Louise M Oliver | 07 February 2017  

I am a survivor of sexual abuse which effected me badly. One day I went to Boys Town in Western Australia which was run by the Benedictine monks near New Norcia. While there I was told that a lot of the boys orphaned there became Priests and Brothers. Many of those boys would have experienced sexual abuse and become perpetrators themselves. This issue is a lot more complicated than many will acknowledge. We need to find healing, peace and understanding. We need to stop the shaming, as shame makes people not want to talk about it. While I very much want to be compensated for the life I was forced to live, I more than anything want society to learn and understand what makes people do these types of things, and how as a society can we support people not to commit these types of crimes. Father Frank I thank you because being a catholic at the moment is hard, because of what people in the church did. I want us to be a light able to take away the darkness. I also want to honour the words of Jesus who gave his life fighting for justice, peace and prosperity for all people.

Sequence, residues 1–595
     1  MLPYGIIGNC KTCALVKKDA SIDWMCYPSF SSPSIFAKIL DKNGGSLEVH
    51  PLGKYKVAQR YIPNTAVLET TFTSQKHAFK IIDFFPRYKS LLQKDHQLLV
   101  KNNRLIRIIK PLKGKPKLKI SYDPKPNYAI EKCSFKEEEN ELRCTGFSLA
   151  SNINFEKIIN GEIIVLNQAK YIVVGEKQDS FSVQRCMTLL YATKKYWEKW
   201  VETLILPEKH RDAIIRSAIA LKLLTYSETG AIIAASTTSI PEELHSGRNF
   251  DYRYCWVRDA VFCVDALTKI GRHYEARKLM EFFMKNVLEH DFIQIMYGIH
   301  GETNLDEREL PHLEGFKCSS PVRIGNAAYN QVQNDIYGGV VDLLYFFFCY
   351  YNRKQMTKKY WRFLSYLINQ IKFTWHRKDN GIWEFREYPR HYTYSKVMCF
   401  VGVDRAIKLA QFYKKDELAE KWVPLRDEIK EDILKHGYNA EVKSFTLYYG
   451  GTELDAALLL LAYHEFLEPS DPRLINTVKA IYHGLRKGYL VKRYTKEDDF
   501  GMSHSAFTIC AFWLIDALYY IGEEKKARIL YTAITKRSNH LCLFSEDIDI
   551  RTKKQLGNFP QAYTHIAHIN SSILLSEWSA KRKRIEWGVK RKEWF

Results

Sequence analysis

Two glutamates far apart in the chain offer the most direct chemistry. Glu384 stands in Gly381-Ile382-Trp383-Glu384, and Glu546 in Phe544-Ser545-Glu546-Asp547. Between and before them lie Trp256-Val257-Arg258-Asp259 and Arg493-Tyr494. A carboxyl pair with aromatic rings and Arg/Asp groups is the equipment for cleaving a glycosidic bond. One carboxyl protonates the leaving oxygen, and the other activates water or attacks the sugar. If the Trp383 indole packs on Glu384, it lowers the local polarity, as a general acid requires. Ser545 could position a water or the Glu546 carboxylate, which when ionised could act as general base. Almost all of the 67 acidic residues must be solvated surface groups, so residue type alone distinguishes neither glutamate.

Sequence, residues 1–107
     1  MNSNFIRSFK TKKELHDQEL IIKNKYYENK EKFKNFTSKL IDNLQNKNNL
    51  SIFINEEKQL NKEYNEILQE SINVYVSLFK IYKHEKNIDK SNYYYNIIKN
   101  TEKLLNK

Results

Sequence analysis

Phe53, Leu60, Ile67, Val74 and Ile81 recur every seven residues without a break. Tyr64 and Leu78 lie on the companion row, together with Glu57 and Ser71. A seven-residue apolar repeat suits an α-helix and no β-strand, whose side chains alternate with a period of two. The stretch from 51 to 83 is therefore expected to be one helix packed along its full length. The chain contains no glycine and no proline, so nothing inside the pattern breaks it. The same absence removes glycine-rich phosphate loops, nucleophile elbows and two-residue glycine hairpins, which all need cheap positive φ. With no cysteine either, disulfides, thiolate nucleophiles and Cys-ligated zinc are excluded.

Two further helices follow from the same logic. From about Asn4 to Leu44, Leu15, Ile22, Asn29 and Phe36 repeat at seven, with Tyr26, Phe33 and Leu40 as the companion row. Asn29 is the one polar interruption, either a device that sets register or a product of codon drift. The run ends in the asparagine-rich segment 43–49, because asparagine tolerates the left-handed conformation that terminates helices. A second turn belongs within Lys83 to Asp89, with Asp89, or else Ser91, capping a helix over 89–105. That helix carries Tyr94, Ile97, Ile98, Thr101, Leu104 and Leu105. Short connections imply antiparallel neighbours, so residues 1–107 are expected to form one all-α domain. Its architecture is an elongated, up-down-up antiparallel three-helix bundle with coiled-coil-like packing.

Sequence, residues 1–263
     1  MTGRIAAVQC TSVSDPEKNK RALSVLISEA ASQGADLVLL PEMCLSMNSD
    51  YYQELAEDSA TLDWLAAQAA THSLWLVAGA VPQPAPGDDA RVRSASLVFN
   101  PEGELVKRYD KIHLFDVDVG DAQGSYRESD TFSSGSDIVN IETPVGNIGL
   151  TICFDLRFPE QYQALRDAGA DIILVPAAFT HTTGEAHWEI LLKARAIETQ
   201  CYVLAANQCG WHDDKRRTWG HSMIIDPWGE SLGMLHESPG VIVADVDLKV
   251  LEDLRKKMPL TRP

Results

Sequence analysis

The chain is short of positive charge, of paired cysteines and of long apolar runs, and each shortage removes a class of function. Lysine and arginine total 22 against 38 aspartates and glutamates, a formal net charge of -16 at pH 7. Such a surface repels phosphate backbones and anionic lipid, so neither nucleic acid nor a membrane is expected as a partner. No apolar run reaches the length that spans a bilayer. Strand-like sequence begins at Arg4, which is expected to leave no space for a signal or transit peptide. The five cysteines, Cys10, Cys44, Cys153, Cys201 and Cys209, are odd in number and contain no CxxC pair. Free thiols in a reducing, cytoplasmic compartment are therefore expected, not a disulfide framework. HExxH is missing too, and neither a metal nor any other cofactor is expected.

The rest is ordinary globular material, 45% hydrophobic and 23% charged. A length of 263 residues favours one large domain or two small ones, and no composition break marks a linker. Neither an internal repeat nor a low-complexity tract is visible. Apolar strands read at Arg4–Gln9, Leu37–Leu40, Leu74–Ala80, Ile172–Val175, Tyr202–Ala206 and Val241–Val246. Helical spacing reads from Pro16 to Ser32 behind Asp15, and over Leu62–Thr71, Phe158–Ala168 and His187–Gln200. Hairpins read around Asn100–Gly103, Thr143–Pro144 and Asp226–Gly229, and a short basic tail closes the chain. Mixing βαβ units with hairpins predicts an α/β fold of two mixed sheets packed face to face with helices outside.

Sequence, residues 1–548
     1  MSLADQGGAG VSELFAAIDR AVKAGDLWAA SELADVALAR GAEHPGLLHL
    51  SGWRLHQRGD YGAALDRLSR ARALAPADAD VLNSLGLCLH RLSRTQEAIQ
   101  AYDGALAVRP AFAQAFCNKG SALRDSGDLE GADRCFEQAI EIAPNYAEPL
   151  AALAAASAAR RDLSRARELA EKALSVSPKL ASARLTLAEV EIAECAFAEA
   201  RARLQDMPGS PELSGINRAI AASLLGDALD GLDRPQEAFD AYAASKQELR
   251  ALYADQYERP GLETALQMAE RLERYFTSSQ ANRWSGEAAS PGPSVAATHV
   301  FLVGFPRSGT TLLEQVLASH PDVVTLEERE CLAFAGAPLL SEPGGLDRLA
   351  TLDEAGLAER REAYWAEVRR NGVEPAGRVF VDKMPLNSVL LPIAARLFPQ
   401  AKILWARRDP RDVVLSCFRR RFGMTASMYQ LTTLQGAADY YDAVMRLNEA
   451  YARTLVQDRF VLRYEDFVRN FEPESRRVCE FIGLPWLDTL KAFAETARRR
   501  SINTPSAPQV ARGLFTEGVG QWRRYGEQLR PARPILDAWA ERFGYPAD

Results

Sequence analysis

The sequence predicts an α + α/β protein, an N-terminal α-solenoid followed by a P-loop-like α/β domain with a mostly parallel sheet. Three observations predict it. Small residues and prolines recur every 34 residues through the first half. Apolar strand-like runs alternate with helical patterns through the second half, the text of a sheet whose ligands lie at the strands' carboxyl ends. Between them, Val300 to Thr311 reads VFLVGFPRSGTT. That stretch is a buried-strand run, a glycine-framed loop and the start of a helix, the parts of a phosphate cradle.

Michael | 08 February 2017  

Good to read Michael's comments. Never hear of any support being offered to abusers who may be in a lonely place trying to cease their actions. These people need pastoral care. Many of us know of exemplary Catholics who are perpetrators within their families. A cousin of mine was repeatedly raped by her father over many years from childhood. She was one of nine children in a model Catholic family, very involved in parish life. When one of her sisters went to the Parish Priest in her anguish he merely said "Forgive and forget"!! In Ireland it was even considered a normal rite of passage. Justification does not help the victim who is left feeling betrayed, confused and hurt beyond repair, and in danger of repeating what has been done to them. Amidst the devastating shame we are sharing at the present time, what are the plans for pastoral care to support family life in this particular area of very great concern?

Marjorie | 08 February 2017  

While each and every case of child abuse is to be deplored, we must maintain some balance. The 4,444 cases reported by Francis Sullivan include unsubstantiated claims of abuse of varying degrees. During this terrible period of abuse, millions of Australians have been educated, nursed and cared for by devoted priests, nuns and brothers. Their lives have been enriched and enhanced by this care and devotion. For many their Christian faith as nurtured by devout priests, nuns, and brothers will always be a central part of their daily lives.